Editor’s Note: This sponsored column is written by Nick Anderson, beermonger at Arrowine (4508 Lee Highway).
About ten years ago, I took my first job in a wine store.
My role at that shop began as a stock boy — keeping the shelves clean and full, carrying boxes out to people’s cars, loading deliveries into the store. While I was relatively well-versed in beer and beer styles at the time, I knew next to nothing about wine. It was my manager who noticed in conversation that I knew a thing or two about beer and asked me if I wanted to learn about wine.
I’ve likened the next four months of my life to learning a language by immersion (pun only somewhat intended): I tasted every wine every distributor would bring by to try to sell us, taking notes on each as we went along. After closing the shop, my boss would open a ‘mystery wine’ and have us talk about what we thought of it and what we thought it might be before revealing what it was. I was given examples of wines that were ‘typical’ of a region and/or grape varietal, to become familiar with the expectations and descriptions generally assigned to them. After four months I was brought on as a full-time employee selling wine to customers and contributing my opinion to our buying team. Over those first four months one thing I did very little of was read wine reviews.
In the early months of my wine education I read reviews only sparingly. This avoidance of the big-time wine critics was by design: densely written reviews with overly poetic, impractical language and descriptors no normal human being would have a reference for often discourage those new to wine. The argument could be made that these critics are writing for a more experienced audience and therefore should write in greater detail, but all too often it feels like they are simply trying to make the reader feel less intelligent and sophisticated than they are.
As a wine drinker, I think this style of writing not only exacerbates the insecurities of those just learning about wine, but it also reinforces the image of the Wine Snob that is so popular around the world — America in particular. It was only after I started to feel comfortable with my own frame of reference to various wine regions and grape varietals that I began to regularly scan magazines like Wine Spectator and Wine Advocate — and even then, I was careful to read them as coming through the filter of one person’s palate rather than instructions on what I should be perceiving.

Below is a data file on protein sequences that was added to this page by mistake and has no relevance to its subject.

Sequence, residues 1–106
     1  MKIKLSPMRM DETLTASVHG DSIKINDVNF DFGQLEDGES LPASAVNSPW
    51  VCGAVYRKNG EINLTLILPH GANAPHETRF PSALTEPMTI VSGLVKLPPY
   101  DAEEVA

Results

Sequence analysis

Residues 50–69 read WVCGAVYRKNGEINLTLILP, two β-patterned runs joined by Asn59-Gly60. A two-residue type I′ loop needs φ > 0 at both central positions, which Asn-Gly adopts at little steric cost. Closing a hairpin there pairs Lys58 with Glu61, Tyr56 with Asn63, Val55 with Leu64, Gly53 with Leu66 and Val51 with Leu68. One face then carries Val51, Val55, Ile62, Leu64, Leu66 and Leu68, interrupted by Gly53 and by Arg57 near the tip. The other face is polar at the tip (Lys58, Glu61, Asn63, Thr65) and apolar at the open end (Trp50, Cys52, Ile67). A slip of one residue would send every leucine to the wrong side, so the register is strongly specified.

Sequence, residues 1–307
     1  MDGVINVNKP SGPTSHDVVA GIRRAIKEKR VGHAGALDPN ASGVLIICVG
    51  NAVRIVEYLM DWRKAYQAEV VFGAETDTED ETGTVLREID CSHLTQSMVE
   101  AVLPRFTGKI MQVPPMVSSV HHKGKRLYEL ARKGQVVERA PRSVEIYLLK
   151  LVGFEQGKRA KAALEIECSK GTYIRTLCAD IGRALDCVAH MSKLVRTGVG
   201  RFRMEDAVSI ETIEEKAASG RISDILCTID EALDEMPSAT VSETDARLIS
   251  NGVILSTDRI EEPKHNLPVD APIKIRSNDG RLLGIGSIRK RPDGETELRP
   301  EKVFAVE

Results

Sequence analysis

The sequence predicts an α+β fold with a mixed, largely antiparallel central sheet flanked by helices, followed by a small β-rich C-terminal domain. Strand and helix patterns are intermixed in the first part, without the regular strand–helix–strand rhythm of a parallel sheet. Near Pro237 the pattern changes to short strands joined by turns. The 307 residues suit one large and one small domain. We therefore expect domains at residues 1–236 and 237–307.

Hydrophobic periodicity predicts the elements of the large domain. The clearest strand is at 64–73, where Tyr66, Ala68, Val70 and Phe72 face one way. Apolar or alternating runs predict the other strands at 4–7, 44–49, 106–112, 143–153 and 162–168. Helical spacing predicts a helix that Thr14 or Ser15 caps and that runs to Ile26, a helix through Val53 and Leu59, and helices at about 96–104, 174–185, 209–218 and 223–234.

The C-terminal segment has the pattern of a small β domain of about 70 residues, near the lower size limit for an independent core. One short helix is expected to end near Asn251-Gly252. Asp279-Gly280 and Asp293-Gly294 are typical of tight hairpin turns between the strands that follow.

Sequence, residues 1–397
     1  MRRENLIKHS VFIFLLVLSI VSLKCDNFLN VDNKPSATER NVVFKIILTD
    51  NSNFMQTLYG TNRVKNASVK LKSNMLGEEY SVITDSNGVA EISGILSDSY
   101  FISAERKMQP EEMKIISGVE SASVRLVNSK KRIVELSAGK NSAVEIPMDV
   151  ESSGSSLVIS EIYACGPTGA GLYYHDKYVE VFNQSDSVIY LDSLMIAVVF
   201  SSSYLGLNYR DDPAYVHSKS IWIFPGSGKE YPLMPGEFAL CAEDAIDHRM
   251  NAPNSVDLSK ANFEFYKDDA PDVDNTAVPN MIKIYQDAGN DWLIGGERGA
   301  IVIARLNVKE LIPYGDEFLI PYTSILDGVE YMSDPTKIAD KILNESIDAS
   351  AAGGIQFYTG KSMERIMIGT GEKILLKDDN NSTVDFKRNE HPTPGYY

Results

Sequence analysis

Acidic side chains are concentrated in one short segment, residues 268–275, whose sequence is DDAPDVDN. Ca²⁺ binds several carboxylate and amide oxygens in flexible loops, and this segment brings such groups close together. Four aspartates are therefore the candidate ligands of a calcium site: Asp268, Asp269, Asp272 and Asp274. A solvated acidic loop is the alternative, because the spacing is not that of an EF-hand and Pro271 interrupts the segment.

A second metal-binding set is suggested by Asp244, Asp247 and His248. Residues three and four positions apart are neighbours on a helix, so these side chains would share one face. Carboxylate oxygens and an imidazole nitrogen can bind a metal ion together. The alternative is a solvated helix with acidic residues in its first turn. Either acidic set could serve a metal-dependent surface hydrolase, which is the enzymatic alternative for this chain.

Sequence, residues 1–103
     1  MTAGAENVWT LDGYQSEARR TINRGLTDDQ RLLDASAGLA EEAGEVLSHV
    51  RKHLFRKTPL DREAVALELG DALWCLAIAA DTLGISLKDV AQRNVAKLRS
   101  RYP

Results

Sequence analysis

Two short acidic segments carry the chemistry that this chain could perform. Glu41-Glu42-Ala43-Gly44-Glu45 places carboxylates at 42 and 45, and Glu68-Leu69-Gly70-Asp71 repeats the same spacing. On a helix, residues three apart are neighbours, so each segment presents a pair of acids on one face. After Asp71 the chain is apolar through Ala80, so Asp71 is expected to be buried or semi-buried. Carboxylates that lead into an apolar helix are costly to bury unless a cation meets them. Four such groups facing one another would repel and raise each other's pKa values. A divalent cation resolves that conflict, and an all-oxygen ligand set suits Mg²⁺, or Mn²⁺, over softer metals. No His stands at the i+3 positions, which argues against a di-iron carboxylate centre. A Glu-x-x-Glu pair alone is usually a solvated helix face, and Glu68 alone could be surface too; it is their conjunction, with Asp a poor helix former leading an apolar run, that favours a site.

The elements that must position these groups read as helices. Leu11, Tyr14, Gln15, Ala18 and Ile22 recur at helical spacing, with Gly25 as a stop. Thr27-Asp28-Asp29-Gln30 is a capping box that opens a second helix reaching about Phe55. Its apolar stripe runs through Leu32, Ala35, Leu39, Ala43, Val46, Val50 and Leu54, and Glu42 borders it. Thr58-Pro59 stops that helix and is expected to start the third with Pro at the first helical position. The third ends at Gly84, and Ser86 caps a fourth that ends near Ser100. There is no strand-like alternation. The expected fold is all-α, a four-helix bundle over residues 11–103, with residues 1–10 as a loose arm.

I mention all of this because I feel like craft beer writing is becoming almost as overwrought. With so many writers vying for the same number of eyeballs, it seems that too many of us are straining to prove our ‘expertise’, and it’s frankly off-putting. I’ve been guilty of this over the years: when I first started my beer blog, I thought the only way to assign any value to my opinion was to write long missives and identify as many odd aromatic/flavor notes as possible. I came to find my own writing annoying — hell, it was annoying to write like that on a regular basis — and a betrayal of my opinion that at its most base level, my job is about people being able to relate their own experiences in simple enough terms that we all come away understanding each other just a little bit better.
I think like many in my business who often have to write descriptions and reviews, I find myself torn between greater detail in the name of clarity and more general notes that allow the reader to discover touchstones to their own likes/dislikes. These days I’m leaning toward writing reviews in broader terms, but I may just be sick of looking up the differences in flavor profile between New Zealand and American passion fruit. I think as craft beer’s audience expands the language of those of us who work in the business needs to become less overbearing, not more. Otherwise, craft beer will become just another exclusionary hobby making people jump through hoops to gain the basic knowledge that should be easily transferred and openly shared.
In that spirit: what do you look for in a review? What matters to you and what doesn’t? How detailed should a tasting note be — and should there be tasting notes at all? Share your opinions in the comments, and let’s see what happens. Until next week.
Nick Anderson maintains a blog at www.beermonger.net, and can be found on Twitter at @The_Beermonger. Sign up for Arrowine’s money saving email offers and free wine and beer tastings at www.arrowine.com/mailing-list-signup.aspx. The views and opinions expressed in the column are those of the author and do not necessarily reflect the views of ARLnow.com.
Community discussion guidelines: Our sponsored columns are written by members of the local business community. While we encourage a robust and open discussion, we ask that all reviews of the businesses — good or bad — be directed to another venue, like Yelp. The comments section is intended for a conversation about the topic of the article.